The second episode shifts gears a bit. Instead of climbing alone, Honnold is joined by Nicolas Hojac, a Swiss climber who appeared in the first episode and plays a bigger role in this one. Together, the two men take on the Aiguille du Dru and Mont Maudin in the French Alps. In contrast to the brown and orange rock terrain in the first episode, these climbs are defined by jagged gray rocks and blinding white snow. At one point, there’s almost nothing to see as the heavy clouds block all visibility, forcing Honnold to stop until they clear out.
It’s here where Griffith’s VR cinematography shines most. There’s a stunning shot that starts with a wide frame, capturing the sheer size of the Dru. Griffith slowly zooms in and gradually focuses on a small moving speck: Honnold. As Griffith gets closer, he illuminates just how giant of a task the climber is undertaking. It’s a breathtaking sequence that communicates the majesty of the location while also conveying how high Honnold is … and how far he can fall.
With his editor Matthew DeJohn, Griffith also employs an effective method of pulling the viewer in and making them feel they are climbing with Honnold. Griffith will frame a shot with the camera situated near mountain terrain so the viewer feels safe. Situated near land, we can see Honnold solve the puzzle of rock and stone that lies before him. In the next shot, the camera will be floating above Honnold, adopting a god’s eye view that accentuates the depth of field the climber is crossing. The effect is at once suspenseful and dizzying; without any land near us or beneath our feet, we feel a similar element of danger that Honnold must feel as he looks down from the mountain.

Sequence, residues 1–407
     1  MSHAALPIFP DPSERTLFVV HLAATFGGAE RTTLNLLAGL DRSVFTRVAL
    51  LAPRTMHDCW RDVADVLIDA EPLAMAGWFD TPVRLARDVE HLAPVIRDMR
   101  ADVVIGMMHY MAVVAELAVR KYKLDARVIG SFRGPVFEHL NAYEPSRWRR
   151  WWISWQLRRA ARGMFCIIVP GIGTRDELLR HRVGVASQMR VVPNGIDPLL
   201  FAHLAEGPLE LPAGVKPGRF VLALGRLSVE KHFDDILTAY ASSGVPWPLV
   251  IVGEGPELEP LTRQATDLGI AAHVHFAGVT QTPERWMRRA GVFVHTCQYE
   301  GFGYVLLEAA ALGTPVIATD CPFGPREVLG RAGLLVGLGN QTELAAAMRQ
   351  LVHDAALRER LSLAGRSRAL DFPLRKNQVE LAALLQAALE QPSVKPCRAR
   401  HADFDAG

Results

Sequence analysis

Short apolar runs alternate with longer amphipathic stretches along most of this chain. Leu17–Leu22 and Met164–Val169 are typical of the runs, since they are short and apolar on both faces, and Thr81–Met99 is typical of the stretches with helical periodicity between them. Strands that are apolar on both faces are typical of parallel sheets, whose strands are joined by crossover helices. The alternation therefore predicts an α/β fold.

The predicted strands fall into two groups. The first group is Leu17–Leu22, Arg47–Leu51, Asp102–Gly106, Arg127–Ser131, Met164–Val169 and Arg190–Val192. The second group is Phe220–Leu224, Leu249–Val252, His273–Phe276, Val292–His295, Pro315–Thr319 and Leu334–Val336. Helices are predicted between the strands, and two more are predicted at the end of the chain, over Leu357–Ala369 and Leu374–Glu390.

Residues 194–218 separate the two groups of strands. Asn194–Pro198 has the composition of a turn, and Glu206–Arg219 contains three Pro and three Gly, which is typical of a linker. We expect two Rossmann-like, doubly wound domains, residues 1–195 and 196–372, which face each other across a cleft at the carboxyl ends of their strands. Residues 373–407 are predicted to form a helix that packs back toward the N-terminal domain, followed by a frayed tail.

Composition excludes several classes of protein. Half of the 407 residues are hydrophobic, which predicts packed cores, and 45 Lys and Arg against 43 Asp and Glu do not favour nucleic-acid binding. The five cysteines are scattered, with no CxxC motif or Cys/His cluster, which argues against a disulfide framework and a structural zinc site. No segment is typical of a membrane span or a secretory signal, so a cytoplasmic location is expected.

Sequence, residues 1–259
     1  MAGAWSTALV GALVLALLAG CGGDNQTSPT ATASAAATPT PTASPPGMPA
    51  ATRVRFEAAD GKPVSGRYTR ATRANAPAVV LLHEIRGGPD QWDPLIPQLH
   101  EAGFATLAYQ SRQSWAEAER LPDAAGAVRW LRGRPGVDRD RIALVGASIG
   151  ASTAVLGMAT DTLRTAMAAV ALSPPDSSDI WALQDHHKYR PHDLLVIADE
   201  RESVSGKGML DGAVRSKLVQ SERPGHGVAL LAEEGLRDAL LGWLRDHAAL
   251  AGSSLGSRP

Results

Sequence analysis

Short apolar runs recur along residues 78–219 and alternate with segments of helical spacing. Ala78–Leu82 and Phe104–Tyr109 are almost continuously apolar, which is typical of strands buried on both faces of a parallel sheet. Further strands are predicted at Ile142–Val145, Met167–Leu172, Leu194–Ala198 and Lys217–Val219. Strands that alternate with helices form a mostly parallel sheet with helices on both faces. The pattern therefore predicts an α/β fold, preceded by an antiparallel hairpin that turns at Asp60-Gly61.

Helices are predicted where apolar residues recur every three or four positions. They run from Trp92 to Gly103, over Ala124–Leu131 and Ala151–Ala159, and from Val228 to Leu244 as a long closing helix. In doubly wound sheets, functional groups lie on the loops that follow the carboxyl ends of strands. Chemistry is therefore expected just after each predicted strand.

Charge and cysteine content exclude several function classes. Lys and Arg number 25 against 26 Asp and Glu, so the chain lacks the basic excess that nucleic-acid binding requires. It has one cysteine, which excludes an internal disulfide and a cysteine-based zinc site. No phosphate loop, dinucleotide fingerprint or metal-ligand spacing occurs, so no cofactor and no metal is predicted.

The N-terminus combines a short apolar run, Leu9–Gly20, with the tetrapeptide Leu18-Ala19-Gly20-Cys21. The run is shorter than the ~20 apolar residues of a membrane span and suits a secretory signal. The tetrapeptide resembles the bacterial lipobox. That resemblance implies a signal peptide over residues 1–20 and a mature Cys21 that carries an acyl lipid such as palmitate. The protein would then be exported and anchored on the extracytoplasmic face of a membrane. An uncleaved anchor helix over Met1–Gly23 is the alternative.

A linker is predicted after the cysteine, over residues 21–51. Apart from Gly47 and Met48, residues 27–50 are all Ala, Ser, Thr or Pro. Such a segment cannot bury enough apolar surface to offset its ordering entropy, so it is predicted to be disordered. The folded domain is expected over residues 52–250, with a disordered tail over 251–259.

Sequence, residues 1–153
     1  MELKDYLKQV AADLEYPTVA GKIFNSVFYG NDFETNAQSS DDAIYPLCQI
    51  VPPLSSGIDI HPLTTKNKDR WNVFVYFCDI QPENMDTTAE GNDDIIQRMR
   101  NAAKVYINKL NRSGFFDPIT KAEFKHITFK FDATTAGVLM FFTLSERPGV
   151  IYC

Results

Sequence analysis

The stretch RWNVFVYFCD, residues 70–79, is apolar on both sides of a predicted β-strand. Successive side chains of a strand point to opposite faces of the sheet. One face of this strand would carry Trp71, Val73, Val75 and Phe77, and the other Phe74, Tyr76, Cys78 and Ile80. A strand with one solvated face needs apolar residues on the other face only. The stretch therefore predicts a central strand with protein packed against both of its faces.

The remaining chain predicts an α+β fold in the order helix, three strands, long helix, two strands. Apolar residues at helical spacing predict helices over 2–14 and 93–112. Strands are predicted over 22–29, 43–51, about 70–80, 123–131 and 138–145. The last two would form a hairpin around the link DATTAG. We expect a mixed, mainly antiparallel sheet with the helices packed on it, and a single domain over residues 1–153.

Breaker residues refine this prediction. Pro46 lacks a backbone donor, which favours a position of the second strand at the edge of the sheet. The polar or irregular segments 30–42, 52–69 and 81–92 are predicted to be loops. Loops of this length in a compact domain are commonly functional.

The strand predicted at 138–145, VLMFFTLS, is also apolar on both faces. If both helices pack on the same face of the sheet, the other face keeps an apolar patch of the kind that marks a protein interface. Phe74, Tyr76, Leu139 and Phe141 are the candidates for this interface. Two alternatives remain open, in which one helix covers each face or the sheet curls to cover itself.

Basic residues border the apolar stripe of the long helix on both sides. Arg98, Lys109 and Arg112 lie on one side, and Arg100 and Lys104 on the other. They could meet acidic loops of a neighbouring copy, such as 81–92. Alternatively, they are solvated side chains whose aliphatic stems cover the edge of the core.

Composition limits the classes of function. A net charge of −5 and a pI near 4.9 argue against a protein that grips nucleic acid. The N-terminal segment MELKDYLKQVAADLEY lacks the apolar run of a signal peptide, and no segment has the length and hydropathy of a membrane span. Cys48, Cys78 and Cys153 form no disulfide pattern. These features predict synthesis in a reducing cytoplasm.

It’s hard to convey just how much the VR adds to this experience. Whether observing Honnold and Hojack plotting out their next adventure in a dark, enclosed hut or showing a time-lapsed transition from day to night atop the French Alps, the film utilizes VR to effectively place you on Honnold’s journey. It’s not simply a travelogue of pretty places and breathtaking vistas; it’s also an immersive chronicle that makes you understand why Honnold does this in the first place. The mountains he climbs are mysteries to solve, fears to overcome, and enemies to conquer. The VR component allows us to be a semi-active observer; we can look away and watch the sun peek through the distance horizon or focus in on a bookshelf that tells us a bit more about Honnold than what is actively being revealed. The VR never intrudes or feels like a gimmick; instead, it adds to the experience and our understanding of Honnold’s passion for climbing.
When Honnold reaches the top of each mountain, he pauses only briefly to take in the view before heading back down. There’s no victory dance, nor is there any fuss made about the accomplishment. “It’s the journey, not the destination,” as they say, and in Alex Honnold: The Soloist VR, the journeys he undertakes are greatly enhanced by the VR technology at his, and Griffith’s, disposal. It’s a one-of-a-kind experience that is no longer restricted to brave climbers like Honnold, but is now available to all to enjoy.
Both episodes of Alex Honnold: The Soloist VR are now available on Oculus TV.